I recently attended my Harvard 20th reunion and found myself, late night, in a familiar (and surprisingly unchanged) place: the party room of one of Harvard's eight all-male "Final Clubs." "Final" in this case refers to a time when young men joined after belonging to a now-nonexistent social "waiting" club. They are a vestige of an era when the college itself was all male and the majority of its students came from elite prep schools.
The university around these clubs has changed. Now Harvard is 49.3% percent women and a thriving example of diversity: economic, racial, and international. But the Final Clubs, while more diverse than they were in the past, are still all male. When women are allowed to enter, club bi-laws dictate how, when, and where: through dingy side doors in some, only as far as the foyer in others, not to the expansive "private" areas in all.
Harvard is an institution people look to for leadership, not just as a pre-eminent university, but as an incubator of future leaders -- a kind of city on the hill. Recent news reports may say Palo Alto is the new Cambridge, but around the world Harvard is still a flag bearer for excellence, forward thought, and equal opportunity. The Final Clubs are a fly in the ointment. Though technically "independent" entities (Harvard renounced connection to them per Title IX legislation in 1984) the clubs are still of Harvard if not legally under its umbrella, and they remain a part of undergraduate life. After all, their members are Harvard students and alumni and they occupy prime real estate in the heart of Harvard Square.
At best they compromise an obscure corner of the university (only ten percent of male undergraduates are members, though certainly the percentage of students who attend parties there is far greater). At worst they create a divisive trickle down effect of sexism, objectification and even misogyny that pervades the undergraduate experience and is still palpable at a reunion 20 years later. With their historic buildings, wood paneling, and sepia toned portraits of members past, the clubs have an air of institutional gravitas. This is not lost on their members -- or on the women who attend their parties as unequal guests. Run of the mill frat boy behavior can seem stamped with the approval of history.
I am ashamed of the time I spent frequenting these places as an undergraduate: I grew up in a liberal household, daughter of an ACLU lawyer and political science professor. I read feminist fairy tales and finished my large public high school with a strong sense of self. I knew hanging out somewhere that I had to enter through the back door or keep to certain circumscribed areas was demeaning. And that the power dynamic of a group of young men entirely in control of a social situation was not right.
I was ashamed at the time too. On campus, the clubs have always been a polarizing force -- there are those who enter them and those who don't. But the choice to go in or not is not made in the abstract. Ninety percent of Harvard students live on campus and Cambridge and Harvard zealously enforce underage drinking laws which limits options for parties. Until recently the college lacked a student center or any kind of nighttime hang-out space.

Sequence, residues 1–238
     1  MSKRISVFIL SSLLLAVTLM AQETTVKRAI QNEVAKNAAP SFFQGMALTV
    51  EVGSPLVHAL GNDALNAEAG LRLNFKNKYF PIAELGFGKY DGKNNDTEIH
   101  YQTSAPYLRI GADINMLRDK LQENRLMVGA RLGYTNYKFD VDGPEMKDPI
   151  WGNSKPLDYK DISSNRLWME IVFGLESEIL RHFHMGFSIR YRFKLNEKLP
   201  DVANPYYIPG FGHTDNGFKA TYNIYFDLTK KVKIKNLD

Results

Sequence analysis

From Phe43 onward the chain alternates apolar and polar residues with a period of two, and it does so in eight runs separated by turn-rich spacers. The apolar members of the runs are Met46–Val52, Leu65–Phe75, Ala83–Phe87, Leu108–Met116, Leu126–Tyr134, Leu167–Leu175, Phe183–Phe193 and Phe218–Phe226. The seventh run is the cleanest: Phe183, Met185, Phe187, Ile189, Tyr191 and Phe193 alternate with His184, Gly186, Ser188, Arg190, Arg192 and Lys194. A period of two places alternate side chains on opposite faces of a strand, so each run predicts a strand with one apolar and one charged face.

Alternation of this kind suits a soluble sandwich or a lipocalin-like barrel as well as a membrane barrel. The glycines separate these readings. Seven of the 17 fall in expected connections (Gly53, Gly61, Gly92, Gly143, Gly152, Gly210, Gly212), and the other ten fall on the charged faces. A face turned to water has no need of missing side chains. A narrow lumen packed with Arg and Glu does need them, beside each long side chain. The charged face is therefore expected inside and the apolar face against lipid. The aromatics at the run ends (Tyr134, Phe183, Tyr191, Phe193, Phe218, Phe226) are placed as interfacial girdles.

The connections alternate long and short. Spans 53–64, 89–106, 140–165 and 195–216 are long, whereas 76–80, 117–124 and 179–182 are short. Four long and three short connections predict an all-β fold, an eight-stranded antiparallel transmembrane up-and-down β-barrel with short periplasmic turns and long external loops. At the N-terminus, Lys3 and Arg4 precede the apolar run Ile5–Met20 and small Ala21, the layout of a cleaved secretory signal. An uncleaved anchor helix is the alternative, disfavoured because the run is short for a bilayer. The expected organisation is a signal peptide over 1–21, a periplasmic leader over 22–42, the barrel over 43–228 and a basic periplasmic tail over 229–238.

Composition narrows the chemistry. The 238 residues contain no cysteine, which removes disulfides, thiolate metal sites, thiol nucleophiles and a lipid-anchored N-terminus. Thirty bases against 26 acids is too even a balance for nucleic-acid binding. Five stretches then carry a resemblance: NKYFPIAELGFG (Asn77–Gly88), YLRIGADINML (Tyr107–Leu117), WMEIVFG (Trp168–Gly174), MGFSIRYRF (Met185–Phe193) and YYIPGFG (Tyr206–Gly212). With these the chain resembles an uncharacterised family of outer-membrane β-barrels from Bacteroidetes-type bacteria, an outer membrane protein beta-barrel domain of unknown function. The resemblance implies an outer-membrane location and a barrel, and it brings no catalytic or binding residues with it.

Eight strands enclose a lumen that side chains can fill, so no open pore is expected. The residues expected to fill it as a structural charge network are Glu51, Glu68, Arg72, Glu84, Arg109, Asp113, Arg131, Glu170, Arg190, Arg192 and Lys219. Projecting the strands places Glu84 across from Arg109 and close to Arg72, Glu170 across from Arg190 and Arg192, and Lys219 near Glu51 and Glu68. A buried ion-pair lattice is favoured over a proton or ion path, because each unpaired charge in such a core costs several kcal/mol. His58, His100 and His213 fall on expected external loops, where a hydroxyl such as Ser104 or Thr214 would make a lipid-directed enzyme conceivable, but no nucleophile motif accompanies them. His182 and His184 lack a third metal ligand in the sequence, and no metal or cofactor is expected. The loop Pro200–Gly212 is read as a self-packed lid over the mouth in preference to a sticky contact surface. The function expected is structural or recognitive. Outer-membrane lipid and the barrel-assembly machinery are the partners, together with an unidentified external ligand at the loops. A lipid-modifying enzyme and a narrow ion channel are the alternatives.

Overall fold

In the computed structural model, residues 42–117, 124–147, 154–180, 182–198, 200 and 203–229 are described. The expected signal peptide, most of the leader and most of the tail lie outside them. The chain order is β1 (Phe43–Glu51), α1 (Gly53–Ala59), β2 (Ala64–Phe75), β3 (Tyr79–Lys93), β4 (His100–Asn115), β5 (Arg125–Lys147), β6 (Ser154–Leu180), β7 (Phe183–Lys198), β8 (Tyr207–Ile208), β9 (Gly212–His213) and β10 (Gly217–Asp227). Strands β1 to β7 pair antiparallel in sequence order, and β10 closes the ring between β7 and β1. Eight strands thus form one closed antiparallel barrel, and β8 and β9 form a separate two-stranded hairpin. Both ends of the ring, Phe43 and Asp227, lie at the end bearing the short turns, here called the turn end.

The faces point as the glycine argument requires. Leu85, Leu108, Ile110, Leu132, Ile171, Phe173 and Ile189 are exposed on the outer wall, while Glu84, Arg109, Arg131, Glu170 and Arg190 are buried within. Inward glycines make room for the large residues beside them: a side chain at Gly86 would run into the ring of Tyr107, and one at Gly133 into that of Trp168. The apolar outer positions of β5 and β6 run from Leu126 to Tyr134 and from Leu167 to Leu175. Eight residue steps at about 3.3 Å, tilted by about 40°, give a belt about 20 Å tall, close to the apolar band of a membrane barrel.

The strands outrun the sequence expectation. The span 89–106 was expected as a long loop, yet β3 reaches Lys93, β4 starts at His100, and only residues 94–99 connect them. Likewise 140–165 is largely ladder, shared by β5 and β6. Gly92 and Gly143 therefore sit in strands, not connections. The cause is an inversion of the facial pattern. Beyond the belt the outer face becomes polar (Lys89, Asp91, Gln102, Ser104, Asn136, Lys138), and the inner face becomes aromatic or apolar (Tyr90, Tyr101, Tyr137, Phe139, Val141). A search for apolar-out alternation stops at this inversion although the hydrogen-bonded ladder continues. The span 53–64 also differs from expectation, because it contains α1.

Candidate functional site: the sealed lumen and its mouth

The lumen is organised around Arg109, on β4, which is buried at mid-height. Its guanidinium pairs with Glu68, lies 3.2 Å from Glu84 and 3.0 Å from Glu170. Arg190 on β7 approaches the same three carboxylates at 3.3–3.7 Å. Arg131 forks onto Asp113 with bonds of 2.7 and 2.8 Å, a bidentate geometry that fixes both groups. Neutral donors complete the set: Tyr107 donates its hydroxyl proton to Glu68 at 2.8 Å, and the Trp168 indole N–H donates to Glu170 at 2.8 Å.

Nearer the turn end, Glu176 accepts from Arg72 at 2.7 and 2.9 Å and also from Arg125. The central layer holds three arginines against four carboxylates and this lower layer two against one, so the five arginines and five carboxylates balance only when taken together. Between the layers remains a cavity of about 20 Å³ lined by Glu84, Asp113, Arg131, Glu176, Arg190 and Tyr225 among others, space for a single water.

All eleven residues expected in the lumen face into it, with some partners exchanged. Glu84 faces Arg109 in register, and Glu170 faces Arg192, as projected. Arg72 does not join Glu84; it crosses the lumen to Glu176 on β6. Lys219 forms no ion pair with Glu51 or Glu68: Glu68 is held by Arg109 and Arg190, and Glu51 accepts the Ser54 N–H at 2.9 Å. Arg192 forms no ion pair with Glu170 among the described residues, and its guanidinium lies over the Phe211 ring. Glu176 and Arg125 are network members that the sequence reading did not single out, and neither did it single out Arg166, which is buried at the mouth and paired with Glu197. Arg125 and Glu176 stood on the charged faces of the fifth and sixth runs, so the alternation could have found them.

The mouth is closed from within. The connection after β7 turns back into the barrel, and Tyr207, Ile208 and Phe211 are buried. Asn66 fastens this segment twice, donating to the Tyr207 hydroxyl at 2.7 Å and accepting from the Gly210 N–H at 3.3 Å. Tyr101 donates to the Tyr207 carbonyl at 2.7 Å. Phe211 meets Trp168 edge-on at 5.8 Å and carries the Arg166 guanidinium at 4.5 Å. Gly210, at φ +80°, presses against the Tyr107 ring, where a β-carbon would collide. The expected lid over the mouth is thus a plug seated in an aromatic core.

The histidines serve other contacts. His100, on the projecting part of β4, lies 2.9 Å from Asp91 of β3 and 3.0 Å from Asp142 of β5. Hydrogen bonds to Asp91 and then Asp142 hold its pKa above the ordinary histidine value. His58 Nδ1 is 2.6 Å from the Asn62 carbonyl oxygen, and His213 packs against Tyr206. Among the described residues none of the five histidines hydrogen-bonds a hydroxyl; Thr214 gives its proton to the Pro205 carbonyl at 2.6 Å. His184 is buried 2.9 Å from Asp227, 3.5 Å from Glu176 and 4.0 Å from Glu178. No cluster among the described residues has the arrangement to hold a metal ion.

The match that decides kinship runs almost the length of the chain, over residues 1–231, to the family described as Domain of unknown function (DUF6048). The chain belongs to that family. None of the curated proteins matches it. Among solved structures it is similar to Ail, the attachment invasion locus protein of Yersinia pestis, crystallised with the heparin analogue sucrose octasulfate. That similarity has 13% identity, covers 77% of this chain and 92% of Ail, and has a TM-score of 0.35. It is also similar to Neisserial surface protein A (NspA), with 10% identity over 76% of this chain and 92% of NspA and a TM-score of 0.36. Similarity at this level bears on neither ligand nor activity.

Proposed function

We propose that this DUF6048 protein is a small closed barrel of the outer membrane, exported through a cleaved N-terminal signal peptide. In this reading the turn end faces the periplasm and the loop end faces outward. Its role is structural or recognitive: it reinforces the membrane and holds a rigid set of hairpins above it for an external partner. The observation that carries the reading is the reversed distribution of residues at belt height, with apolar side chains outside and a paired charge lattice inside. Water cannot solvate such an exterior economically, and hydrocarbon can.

I still remember the first time I went into a club; I was with a female friend and two male friends looking for a party, not to get drunk, but to meet people. It must have been in the first two or three weeks of freshman year. We found ourselves outside an attractive building with music coming through the windows, crowded with people and rare signs of college social activity. We didn't know it was a final club. My girlfriend and I were swallowed up into the throng; we lost our male friends. Not, as we thought at the time, because it was so crowded, but because, we learned later, they had been kicked out. From then on it became clear Harvard was a place that presented certain obstacles to men and women being friends.
I'd like to have been the kid whose convictions in my own equality and dignity as a woman trumped my desire to fit in and be included, but I wasn't. The clubs and their rules were ridiculous, but I could handle it, I thought. And for the most part, I was right. But it is a shame that young women (and men, who have to decide whether to "punch" or not) are faced immediately with such a compromising choice. Harvard of all places should be a university that exalts its student's best qualities and helps them learn to make smart decisions and further their nascent sense of right an wrong.
Twenty years ago, my friends and I figured the clubs as single sex institutions were on the way out. My senior year, undergraduate members of a prominent club voted to go co-ed. What happened to this? The alumni wouldn't ratify the idea apparently. But other comparable institutions have gotten beyond this: Princeton's eating clubs and Yale's secret societies are all co-ed.
Yes, there are female final clubs now (the first one was founded in 1991) but the comparison is moot. These female social clubs have none of the tradition, history, or real estate the men's clubs do. They are however an effort on the part of their founders and members to achieve some sort of emotional parity -- territory the college itself (hello Radcliffe? where are you?) has not ventured into.
In the wake of the Santa Barbara killings and the recent revelations about sexual misconduct cases on college campuses, it seems embarrassing that these anachronistic clubs continue to operate under their ancient status quo. Even their strongest supporters can't make the case that they facilitate better relations between men and women, or even reflect our current societal standards. And shouldn't that be a critical objective for the community of a leading university?
I don't know. As I was reminded last weekend, I'm just a woman. I'll leave it to the boys in the back room to discuss.